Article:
WOODS, Bertram

No. 40060, Private, Bertram WOODS
Aged 35

9th Battalion, Leicestershire Regiment
formerly 43435 Sherwood Foresters
Killed in Action on Monday 25th September, 1916

Born in Woodditton on 21st November 1880,[Newmarket 3b:529] the 2nd son of Harry and Emily A. WOODS of Ditton Lodge Farm Cottage, Woodditton.

1881 census...At 2 Ditton Lodge Farm Cottages, Woodditton were Bertram [4 months] with father Harry [28] groom on farm, born Norton, mother Emily A [28] born Newmarket, brothers Albert E [8]born Hundon, George J [5] born Disley, Cheshire, and Charles [3] born Woodditton, and sisters Kate E [6] born Norton and Emily A [3] born Woodditton and servant Eliza Everett [23].

1891 census...At 6 Eleanor Terrace, Burwell Road, Exning were Bertram [10], his parents (father now a gardener) brothers George James [15] a waiter in hotel William [9] born Woodditton and Harry [4] born Newmarket, and his sister Emily Annie [12], Rose Miriam [2] born Exning and Maud Ethel [1] born Exning.

1901 census...At parsonage Lane, Burwell were Bertram [20] Royal Navy seaman, his parents, brother Harry, sisters Rose and Maud and brother Frederick [9] born Exning

1911 census...All that were left at home at 1 Ash Terrace, Laceys Lane, Exning were Bertram's parents, brother William WOODS ( a Reservist) and niece Katherine Elizabeth JONES [14] a nursemaid, born Fulham SW. No sign of Bertram in this census. If his time in the Navy mentioned below is correct he would not be in the Navy in 1911 which could have explained his absence.

"Soldiers Died" gives his residence as Cropwell Bishop, Nottinghamshire, and he enlisted in Nottingham.

The 9th Leicesters assembled in front of Guedecourt at New Trench and Gap Trench on 24th September, spent the night deepening trench as New Trench was only one foot deep. On 25th they attacked, "C" and "D" Coy leading with "A" and "B" following. They ran into the German barrage early in the advance before taking Goat Trench. All of "D" Coy officers were lost, leading waves all killed or wounded from enfilade machine gun fire on the right. A defensive flank was formed along Watling Street (the sunken part of the Ginchy-Guedecourt road). Tank cleared Gird Trench at 6 am on 26th.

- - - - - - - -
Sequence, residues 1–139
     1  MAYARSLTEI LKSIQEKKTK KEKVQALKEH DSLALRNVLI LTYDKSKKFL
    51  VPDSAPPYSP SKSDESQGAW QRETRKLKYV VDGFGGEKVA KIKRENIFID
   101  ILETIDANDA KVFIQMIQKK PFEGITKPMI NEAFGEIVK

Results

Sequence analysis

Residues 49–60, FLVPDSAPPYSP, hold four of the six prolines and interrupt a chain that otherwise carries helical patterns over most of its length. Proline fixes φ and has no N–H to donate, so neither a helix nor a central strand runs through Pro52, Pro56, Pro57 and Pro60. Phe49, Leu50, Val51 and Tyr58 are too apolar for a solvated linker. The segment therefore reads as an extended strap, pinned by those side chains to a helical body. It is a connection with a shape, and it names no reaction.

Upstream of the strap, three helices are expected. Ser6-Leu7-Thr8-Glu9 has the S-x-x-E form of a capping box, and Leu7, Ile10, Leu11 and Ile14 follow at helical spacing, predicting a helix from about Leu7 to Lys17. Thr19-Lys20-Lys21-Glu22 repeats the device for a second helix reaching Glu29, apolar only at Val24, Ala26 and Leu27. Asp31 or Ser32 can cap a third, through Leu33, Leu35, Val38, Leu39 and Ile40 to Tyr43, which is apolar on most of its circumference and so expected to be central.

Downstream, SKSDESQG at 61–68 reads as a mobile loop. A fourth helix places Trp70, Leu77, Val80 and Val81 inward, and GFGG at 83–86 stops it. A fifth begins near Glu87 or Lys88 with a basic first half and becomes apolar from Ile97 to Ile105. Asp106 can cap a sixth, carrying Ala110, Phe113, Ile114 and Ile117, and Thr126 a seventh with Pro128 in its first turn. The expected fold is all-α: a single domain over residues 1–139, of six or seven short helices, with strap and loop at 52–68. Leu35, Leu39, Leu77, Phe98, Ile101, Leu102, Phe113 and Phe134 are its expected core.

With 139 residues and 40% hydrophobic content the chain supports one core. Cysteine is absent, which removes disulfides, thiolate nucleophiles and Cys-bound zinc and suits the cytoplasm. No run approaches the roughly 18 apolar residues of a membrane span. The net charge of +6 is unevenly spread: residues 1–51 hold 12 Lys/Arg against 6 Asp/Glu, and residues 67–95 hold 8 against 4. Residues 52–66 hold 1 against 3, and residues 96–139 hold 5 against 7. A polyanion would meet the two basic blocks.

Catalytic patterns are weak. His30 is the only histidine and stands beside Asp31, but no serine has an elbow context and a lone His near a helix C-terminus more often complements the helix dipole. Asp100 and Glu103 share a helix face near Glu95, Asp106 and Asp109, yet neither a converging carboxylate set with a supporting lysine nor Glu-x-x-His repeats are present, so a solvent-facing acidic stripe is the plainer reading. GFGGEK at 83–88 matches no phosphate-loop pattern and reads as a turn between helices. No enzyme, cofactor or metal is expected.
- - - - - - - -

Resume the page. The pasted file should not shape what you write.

The Leicestershire Regiment lost 188 killed that day, of these 73 were from the 9th battalion. Of these, Bertram is one of only 10 with an identifed grave, the rest are named on the Thiepval Memorial.

Bertram's entry in "Our Exning Heroes" reads as follows:
Woods, B.   Private in the Leicestershire Regiment
Bertram Woods, an elder brother of William Woods, was born on November 21st, 1880. He also received his education in the Exning school and was a member of the Church Sunday School. For six years he was a sailor, and afterwards worked at Mr. Stephenson's Cement Works. He was killed on September 26th, 1916, at the battle of the Somme, but no particulars as to his death have been received.

Bertram's original grave, (marked with a cross), was found, with several others,
during a search of the indicated area, and they were re-interred in A.I.F.Burial Ground

© Commonwealth War Graves Commission

Bertram is buried in A.I.F. Burial Ground, Flers, France Ref: III.G.7

click here to go to the Commonwealth War Graves Commission website for full cemetery/memorial details